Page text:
From my balcony at The Breakers in West Palm Beach, Florida, I was watching the sun rise at about 7:40 when I noticed, far below, a worker drive a tractor onto the beach to begin clearing it of the prior night’s wave deposits. He didn’t get more than 20 yards before he stopped.
He jumped out of the cab and walked several feet to a piece of litter which his machinery couldn’t have reached. He picked it up, walked back and deposited it in the litter collector, and drove on.
It’s not what people do when they’re being watched that’s important, it’s what they do when they’re not being watched. In an age of ferocious customer interaction, cameras everywhere, and far too many supervisors, there is nothing so powerful for high performance as people simply doing what’s expected of them in terms of results. This guy’s job was not to drive a tractor, it was to clear the beach, and that’s how he acted.
Most flight attendants are terrific, but some aren’t. We’re told they are “primarily here for your safety” but, in fact, 99% of their job is service. While I’m happy that they could theoretically quickly evacuate a plane, that doesn’t excuse them from failing to serve drinks, being polite to passengers, and assisting in finding luggage space.
We’ve all heard the stereotypical, motivational-speech story of one person laying bricks and the other building a cathedral. It’s a pleasant story (the first time you hear it). But here’s the reality: We went to a restaurant last night we infrequently visit, and when I asked the hostess if there were seats at the bar—which was right behind her—she said she didn’t know. She never bothered to turn around. Yet at a restaurant down the block where we go weekly for the seafood, the bartender has my martini on the bar waiting for me when he sees me parking outside.
One person’s embarrassment is another person’s accountability.
How to Write, Publish, and Market A Truly Great Book for Your Business
Nov. 7, 11 am Eastern US time
Join me for 60-90 minutes (depending on questions) for a live teleconference that will be recorded and circulated to those who register. I’ve been asked by my clients to provide the following:
- What kind of book is ideal for promoting my business (as opposed to trying to sell books, which is dumb)?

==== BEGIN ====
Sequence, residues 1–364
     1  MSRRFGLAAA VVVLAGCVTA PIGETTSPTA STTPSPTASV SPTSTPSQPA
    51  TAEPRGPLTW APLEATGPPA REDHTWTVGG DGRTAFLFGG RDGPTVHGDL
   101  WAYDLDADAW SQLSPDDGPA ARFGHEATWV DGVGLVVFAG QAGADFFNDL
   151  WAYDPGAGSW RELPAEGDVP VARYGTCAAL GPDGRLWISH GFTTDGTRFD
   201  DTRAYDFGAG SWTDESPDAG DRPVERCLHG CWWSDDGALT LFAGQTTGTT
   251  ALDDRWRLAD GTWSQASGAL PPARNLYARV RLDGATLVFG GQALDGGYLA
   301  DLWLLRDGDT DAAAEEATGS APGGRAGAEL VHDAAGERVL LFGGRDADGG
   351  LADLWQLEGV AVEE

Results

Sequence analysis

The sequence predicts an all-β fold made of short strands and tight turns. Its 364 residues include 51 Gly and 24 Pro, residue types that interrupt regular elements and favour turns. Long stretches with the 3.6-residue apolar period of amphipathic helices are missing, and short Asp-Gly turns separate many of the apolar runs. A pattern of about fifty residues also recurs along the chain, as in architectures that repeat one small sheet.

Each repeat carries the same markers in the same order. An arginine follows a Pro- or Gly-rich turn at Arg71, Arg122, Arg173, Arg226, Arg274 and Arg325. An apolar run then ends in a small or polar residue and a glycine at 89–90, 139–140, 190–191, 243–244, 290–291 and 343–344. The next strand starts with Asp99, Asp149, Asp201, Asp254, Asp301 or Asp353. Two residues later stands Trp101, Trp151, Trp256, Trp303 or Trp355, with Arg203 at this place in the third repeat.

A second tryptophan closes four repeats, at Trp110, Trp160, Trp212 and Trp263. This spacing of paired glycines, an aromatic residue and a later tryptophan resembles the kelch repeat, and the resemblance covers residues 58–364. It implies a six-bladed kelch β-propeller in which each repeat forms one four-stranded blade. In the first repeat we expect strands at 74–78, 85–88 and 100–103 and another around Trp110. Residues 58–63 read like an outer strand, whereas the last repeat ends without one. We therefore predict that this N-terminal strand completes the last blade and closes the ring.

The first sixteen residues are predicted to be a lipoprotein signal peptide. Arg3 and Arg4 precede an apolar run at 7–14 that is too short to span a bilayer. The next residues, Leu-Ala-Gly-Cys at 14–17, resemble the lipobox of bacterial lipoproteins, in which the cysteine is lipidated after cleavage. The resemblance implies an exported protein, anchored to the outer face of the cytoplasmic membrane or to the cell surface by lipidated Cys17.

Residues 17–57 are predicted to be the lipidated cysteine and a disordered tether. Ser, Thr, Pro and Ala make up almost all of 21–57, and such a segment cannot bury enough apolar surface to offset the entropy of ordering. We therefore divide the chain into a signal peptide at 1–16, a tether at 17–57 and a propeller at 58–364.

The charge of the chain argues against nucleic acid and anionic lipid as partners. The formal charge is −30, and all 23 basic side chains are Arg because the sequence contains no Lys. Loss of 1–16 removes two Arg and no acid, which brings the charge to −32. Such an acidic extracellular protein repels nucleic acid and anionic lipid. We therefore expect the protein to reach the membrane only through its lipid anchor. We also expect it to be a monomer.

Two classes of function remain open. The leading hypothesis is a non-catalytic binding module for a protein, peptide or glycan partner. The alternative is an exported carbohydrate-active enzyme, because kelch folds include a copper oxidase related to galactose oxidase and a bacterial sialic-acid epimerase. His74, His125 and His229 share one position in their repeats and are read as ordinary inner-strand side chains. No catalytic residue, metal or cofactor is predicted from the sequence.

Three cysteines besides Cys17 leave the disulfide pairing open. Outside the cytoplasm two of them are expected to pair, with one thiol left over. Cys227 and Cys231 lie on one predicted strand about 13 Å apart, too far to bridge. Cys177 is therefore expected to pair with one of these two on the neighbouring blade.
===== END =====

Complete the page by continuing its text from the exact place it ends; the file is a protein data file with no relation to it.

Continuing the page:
- What is the seminal message to create?
- How do I acquire business and referrals with the book?
- Should I commercially publish or self-publish? (It depends, learn why.)
- Why Amazon is unimportant unless you’re buying tires for your car.
- How to create business when people don’t even read the book.
- How to write it quickly.
- Foreign rights, digital, and audible alternatives.
The fee is $200. I’ll accept email questions in advance, and you get a week of email questions after the live broadcast.
Bonus offer: For $2,500, I’ll help you create the outline and be available as you create the proposal for Q&A.
I’m inviting you to join me monthly in 2019 for Alan’s Riff, a semi-improvisational hour with me during which I’ll discuss combinations of the following:
• Current political and social trends and events
• The economy and financial options
• Business trends, interpretation, and predictions
• The current headlines
• The arts and entertainment
• Ideas and provocations that challenge you intellectually
I’ll take any questions in advance and also during the calls via computer. Every call will be 60-90 minutes and recorded for your ongoing use.
My intent here is to enable you to:
• Become a well-rounded, informed, object of interest
• Understand how to view and dissect issues
• Develop as an engaging conversationalist
• Ask questions that you can’t ask elsewhere
• Improve your sense of self by being better “educated”
• Take better advantage of opportunities around you
• Improve your critical thinking skills
• Stand out in a crowd
Prior to Nov. 15: $950.